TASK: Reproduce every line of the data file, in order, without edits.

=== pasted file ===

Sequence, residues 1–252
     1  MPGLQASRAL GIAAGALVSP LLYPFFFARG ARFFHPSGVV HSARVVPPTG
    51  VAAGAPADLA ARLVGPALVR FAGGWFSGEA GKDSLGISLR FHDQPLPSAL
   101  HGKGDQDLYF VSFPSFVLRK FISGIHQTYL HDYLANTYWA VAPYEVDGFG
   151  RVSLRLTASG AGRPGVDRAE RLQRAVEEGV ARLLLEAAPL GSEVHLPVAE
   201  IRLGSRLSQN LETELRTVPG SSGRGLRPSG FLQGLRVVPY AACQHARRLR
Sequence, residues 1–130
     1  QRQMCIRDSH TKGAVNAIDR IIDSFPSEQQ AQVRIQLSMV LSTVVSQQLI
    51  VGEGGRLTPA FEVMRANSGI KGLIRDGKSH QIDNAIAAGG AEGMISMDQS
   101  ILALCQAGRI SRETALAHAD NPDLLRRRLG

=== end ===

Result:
Sequence, residues 1–252
     1  MPGLQASRAL GIAAGALVSP LLYPFFFARG ARFFHPSGVV HSARVVPPTG
    51  VAAGAPADLA ARLVGPALVR FAGGWFSGEA GKDSLGISLR FHDQPLPSAL
   101  HGKGDQDLYF VSFPSFVLRK FISGIHQTYL HDYLANTYWA VAPYEVDGFG
   151  RVSLRLTASG AGRPGVDRAE RLQRAVEEGV ARLLLEAAPL GSEVHLPVAE
   201  IRLGSRLSQN LETELRTVPG SSGRGLRPSG FLQGLRVVPY AACQHARRLR
Sequence, residues 1–130
     1  QRQMCIRDSH TKGAVNAIDR IIDSFPSEQQ AQVRIQLSMV LSTVVSQQLI
    51  VGEGGRLTPA FEVMRANSGI KGLIRDGKSH QIDNAIAAGG AEGMISMDQS
   101  ILALCQAGRI SRETALAHAD NPDLLRRRLG